Trans. Amer. Philos. Soc., n. s. 7: 318. 1840.
Perennials, 20–80 cm; rhizomes 3–20 cm. Stems 1–5+, erect, green to brown beneath hairs, simple, silvery-sericeous (hairs irregularly anastomosing-cohering). Leaves: basal sessile, blades linear to lanceolate, grasslike, longer or shorter than cauline, 80–250(–400) × 2–20 mm, faces densely silvery-sericeous (hairs irregularly anastomosing-cohering); cauline 20–60, sometimes crowded, spreading to ascending, linear or lanceolate to ovate, usually reduced distally, apices acute, faces silvery-sericeous; distalmost sometimes greatly reduced. Heads (2–)10–100+, in corymbiform to sometimes paniculiform arrays. Peduncles 1–10 cm, sericeous; bracts and bracteoles 3–20, appressed, often grading into phyllaries. Involucres turbino-campanulate, 5–13 mm (usually shorter than pappi). Phyllaries in 4–6 series, margins fimbriate, piloso-ciliate, faces sparsely to moderately pilose (hairs often twisted), often more densely so distally, sometimes stipitate-glandular. Ray florets 9–13; laminae 4–14 mm. Disc florets 15–50; corollas 4–9 mm, limb bases glabrate to sparsely pilose or rarely limbs moderately long-pilose; lobes 0.5–0.8 mm, glabrous to sparsely pilose. Cypselae fusiform, 2.5–4.5 mm, strigose; pappi: outer scales 0.4–0.9 mm, inner 25–45 bristles 5–9 mm.
Ala., Ark., Del., Fla., Ga., Ky., La., Md., Miss., N.C., Ohio, Okla., S.C., Tenn., Tex., Va., se Mexico, Bahamas, Central America (Belize, Guatemala, Honduras).
Varieties 5 (5 in the flora).
The varieties can be difficult to distinguish in this highly variable species. The infraspecific classification presented by J. C. Semple and F. D. Bowers (1985) is followed here. Involucre height increases somewhat with age, making assignment of post flowering specimens of var. tenuifolia (diploid), var. latifolia (tetraploid), and var. tracyi (hexaploid) more difficult. Data on the distribution of diploids, tetraploids, and hexaploids (Semple and Bowers 1987; subsequent reports) indicate that only diploids occur west of the Mississippi River, while only tetraploids are known in the more northern parts of the range (n Alabama, Tennessee, North Carolina, Virginia). All three ploidy levels occur in Florida, where the three varieties are most distinct. Ploidy level correlates with involucre height in the limited sample of cytovouchers. Additional study is needed to sort out more fully biogeographic patterns of variation in the tenuifolia-latifolia-tracyi complex of Pityopsis graminifolia. An alternative treatment would be to combine all three in a single variety including a polyploid series, under the name var. tenuifolia.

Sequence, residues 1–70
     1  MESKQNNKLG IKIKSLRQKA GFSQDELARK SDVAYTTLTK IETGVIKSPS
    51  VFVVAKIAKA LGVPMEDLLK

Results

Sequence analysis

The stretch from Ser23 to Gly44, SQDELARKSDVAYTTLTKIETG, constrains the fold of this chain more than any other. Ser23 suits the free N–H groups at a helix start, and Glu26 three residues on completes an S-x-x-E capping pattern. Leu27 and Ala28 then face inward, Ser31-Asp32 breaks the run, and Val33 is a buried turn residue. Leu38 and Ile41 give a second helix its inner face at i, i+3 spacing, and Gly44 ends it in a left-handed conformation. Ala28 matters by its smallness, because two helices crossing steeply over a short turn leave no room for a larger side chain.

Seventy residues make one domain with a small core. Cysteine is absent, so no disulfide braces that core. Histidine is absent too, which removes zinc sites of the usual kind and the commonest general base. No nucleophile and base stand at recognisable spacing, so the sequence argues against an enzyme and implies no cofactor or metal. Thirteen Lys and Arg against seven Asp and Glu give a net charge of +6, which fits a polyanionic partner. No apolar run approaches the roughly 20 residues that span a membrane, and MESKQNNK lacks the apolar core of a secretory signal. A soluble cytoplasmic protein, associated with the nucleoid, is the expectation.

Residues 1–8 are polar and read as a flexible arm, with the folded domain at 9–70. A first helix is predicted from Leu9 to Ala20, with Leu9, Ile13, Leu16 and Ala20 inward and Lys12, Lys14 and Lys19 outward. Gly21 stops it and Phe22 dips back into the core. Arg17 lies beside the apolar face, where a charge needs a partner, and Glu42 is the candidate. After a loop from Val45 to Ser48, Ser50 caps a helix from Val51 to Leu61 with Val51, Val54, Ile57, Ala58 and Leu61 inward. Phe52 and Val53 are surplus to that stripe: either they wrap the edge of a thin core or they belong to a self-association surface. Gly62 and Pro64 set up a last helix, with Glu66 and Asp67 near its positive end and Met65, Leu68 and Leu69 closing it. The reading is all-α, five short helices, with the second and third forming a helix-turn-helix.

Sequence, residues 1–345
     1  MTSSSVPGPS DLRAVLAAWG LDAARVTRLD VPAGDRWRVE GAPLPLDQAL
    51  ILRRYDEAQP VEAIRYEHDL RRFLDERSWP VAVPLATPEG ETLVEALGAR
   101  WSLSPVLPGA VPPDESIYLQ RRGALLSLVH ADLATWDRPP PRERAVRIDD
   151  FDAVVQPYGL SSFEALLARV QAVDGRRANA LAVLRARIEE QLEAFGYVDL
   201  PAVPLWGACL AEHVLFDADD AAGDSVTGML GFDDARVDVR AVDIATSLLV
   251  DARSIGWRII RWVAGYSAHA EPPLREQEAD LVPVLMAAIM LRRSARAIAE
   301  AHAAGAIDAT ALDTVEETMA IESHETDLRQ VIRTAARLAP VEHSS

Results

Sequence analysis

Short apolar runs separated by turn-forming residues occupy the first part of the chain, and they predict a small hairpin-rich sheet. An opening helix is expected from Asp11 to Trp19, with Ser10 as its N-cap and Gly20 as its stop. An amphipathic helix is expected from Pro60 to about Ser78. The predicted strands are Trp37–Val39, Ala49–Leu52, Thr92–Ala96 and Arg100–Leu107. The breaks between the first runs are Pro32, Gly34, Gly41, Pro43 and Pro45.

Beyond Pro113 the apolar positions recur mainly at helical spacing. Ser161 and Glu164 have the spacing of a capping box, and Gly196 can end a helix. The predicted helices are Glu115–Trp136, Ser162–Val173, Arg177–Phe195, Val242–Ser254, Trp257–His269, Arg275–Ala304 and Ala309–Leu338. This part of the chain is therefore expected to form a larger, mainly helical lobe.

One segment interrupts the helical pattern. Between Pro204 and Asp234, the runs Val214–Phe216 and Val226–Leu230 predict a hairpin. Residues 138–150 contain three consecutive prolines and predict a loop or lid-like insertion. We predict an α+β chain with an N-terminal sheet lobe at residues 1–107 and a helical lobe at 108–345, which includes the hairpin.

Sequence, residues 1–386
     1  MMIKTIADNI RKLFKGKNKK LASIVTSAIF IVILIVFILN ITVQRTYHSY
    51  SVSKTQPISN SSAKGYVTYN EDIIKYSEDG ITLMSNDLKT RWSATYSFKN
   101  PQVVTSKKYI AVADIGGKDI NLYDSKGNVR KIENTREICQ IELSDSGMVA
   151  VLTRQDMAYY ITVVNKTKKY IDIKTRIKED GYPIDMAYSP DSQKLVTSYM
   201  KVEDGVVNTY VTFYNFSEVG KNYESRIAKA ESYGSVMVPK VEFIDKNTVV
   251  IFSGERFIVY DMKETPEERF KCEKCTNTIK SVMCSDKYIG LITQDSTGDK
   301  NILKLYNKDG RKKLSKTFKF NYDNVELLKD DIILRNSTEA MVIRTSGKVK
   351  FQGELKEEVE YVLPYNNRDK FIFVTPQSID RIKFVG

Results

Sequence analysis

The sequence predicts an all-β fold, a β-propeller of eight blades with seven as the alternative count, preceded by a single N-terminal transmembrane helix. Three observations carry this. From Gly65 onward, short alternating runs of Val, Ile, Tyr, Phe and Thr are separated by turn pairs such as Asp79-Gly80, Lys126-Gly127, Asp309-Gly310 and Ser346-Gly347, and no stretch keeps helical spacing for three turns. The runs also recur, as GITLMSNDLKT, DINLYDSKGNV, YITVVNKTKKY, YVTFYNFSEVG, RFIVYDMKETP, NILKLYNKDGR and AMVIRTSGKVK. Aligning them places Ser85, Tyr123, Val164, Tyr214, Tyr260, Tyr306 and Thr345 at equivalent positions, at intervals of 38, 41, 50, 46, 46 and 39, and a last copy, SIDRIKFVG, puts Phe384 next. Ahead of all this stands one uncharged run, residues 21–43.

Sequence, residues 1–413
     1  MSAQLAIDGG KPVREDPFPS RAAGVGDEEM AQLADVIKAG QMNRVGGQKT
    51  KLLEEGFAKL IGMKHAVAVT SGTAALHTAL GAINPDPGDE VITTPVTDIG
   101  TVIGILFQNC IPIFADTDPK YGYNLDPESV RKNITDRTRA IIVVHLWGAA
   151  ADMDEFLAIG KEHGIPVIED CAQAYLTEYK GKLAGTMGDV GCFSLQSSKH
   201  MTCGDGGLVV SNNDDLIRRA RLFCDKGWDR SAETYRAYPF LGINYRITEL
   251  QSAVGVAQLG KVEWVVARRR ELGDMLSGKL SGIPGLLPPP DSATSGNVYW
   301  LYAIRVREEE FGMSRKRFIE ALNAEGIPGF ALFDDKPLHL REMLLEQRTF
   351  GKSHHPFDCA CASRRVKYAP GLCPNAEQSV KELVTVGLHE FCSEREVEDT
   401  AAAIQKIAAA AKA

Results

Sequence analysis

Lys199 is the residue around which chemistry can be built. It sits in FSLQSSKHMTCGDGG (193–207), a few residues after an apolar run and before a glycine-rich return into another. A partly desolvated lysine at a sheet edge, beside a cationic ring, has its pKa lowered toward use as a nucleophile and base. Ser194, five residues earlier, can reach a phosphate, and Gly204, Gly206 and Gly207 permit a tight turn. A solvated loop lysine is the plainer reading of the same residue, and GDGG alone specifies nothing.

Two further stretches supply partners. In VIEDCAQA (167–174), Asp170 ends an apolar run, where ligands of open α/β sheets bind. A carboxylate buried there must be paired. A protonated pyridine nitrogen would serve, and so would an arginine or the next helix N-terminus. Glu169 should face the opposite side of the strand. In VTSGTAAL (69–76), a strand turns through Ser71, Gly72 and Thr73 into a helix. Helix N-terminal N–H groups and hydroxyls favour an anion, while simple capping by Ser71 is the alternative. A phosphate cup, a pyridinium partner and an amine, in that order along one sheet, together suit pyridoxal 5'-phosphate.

|1||Involucres (8–)9–14 mm; disc florets 30+ (tetraploids and hexaploids)||> 2|
|1||Involucres 5–8 mm (Arkansas, Texas, Louisiana; involucres of var. tenuifolia can be 9–10 mm); disc florets 15–29 (diploids)||> 3|
|2||Involucres 8–12 mm; ray florets 10–16; disc corolla throats and lobes glabrous or proximal throats sparsely short-pilose||Pityopsis graminifolia var. latifolia|
|2||Involucres 12–14 mm; ray florets 13–25; disc corolla throats and lobes sometimes sparsely to moderately long-pilose||Pityopsis graminifolia var. tracyi|
|3||Distal cauline leaves, greatly overlapping, lanceolate to ovate, little reduced distally||Pityopsis graminifolia var. aequilifolia|
|3||Distal cauline leaves slightly overlapping, linear-lanceolate, reduced distally||> 4|
|4||Inner phyllaries densely stipitate-glandular apically, sparsely to moderately sericeous proximally (outer coastal plain, Louisiana to North Carolina)||Pityopsis graminifolia var. graminifolia|
|4||Inner phyllaries sometimes sparsely stipitate-glandular, usually sparsely to moderately, rarely densely sericeous throughout (Arkansas and Texas to North Carolina and s Florida)||Pityopsis graminifolia var. tenuifolia|